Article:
When Creating a Buzz Impacts Patentability
As an inventor, it’s not surprising that you want to tell others about your invention, especially if your company is releasing new products or functionality based upon it. For example, you may display a poster and an abstract at a conference, send a marketing team off to a trade show, or give a talk at a networking event. However, in doing so, you may have just unintentionally and permanently voided your right to a patent!
One of the most critical things to understand about patents is how disclosures can impact your patent rights, regardless of whether you are an inventor, an engineer, or the CEO of the next hot startup. Mishandling your IP in the early stages of a product launch can create a long-term risk that could complicate your efforts to win a patent, and potentially even kills financing or licensing deals for many years to come.
This article gets into some of the risks around the issue of disclosure. After we discuss what can go wrong, I’ll cover the best approaches for prevention in Part II.
In most cases, the rules are fairly simple. You want to prevent any type of communication that “enables” the public to understand how your invention works until your patents are filed. “The public” is typically defined quite broadly – anything from a thesis on a shelf in a remote college library, to a discussion with a few dozen of your closest friends, or a particularly juicy blog post can count. If someone can prove later that your invention was communicated to the public before your patent’s “priority date”, the patent may be invalidated. This can occur both before and after a patent has been granted.
The short-term risk comes during the actual prosecution (the filing and approval) of a patent. When you file a patent, the Patent Office conducts a search to see if your idea has already been published. You also have a duty to disclose to them any materials relevant to the patentability of the invention. If they see evidence that your inventors have already publicly disclosed important facets of an invention, you may be rejected out of hand. Alternatively, you may end up in a debate regarding whether a long-forgotten PowerPoint slide bullet from an early pitch deck was sufficient to enable a “skilled artisan” to arrive at your invention. Much of the work of successfully arguing for a patent lies in proving that the innovation is truly “new” and not known before it was filed – a public disclosure can make that a much bigger challenge.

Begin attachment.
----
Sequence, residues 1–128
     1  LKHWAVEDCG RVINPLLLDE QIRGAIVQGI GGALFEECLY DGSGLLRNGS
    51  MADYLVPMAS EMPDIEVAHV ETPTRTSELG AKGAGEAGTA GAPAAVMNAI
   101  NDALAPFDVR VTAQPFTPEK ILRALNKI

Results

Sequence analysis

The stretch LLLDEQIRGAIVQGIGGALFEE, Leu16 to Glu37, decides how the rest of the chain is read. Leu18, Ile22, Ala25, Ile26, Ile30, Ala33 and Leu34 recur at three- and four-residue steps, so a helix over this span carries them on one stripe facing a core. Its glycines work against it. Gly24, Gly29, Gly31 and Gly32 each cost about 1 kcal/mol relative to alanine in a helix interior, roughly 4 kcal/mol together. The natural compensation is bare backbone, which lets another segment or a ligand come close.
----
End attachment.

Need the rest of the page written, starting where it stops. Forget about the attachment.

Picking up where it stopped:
So are you all set once you win your patent? Sadly, no. Despite all of the checking and proving needed to win a patent, the Patent Office itself typically won’t be the one to tell you that you’ve violated the disclosure rules. They may not necessarily find the incriminating slides on-line, or hear that the poster was displayed to an audience of thousands. You may not have been told that the disclosure took place – or perhaps you acquired an interest in the patent long after it was filed and everyone involved in the disclosure had moved on. However, even if you hand the information over to the Patent Office, in all likelihood, you and your lawyers will craft arguments and revise the claimed invention in such a way as to allow the Patent Office to grant the patent in spite of those disclosures.
Bigger issues are likely to come up during deal making or litigation – very inconvenient times for the management and shareholders of a company. It is surprisingly common in these scenarios for the other side to challenge the value or validity of an issued patent.
During litigation, for example, you can bet that an adverse party in litigation is going to look for any and all reasons why that patent can’t be used against them! There are two arguments a defendant commonly makes in defending against a patent infringement suit: 1) I didn’t infringe and 2) even if I did, that’s not a valid patent anyhow. One way to prove that a patent is invalid is to find documentation (other patents, journal articles, web pages, etc.) showing that the public knew about the invention before the application was filed. This can include determining that someone at the company disclosed the invention improperly before the filing. Sometimes you’ve got documentation lying around that gets identified during discovery and proves that the improper disclosure occurred (e.g., emails between speakers preparing for a conference). In other cases, disgruntled ex-employees/partners or bitter rivals can be practically guaranteed to come out of the woodwork eager to impact one side or the other in a suit.
Similarly, anyone looking to do a deal with the inventor based upon the value of the patent – especially someone being ‘encouraged’ to enter a pricey licensing agreement – is going to do his or her diligence, and use information like this to challenge the value of the patent. If a patent isn’t valid, why should they pay a licensing fee? Even if there’s just a risk that it might be invalidated later, why should they pay as much as you’re asking?
So the impact of giving that talk with the nitty gritty of the invention disclosed, or doing a public beta, or posting a web page that gives away enough of the secret sauce to cause trouble, can burden a company with long-term risks that go far beyond applying for the patent.
In Part II, I’ll talk about the strategies you should use to protect yourself against these risks.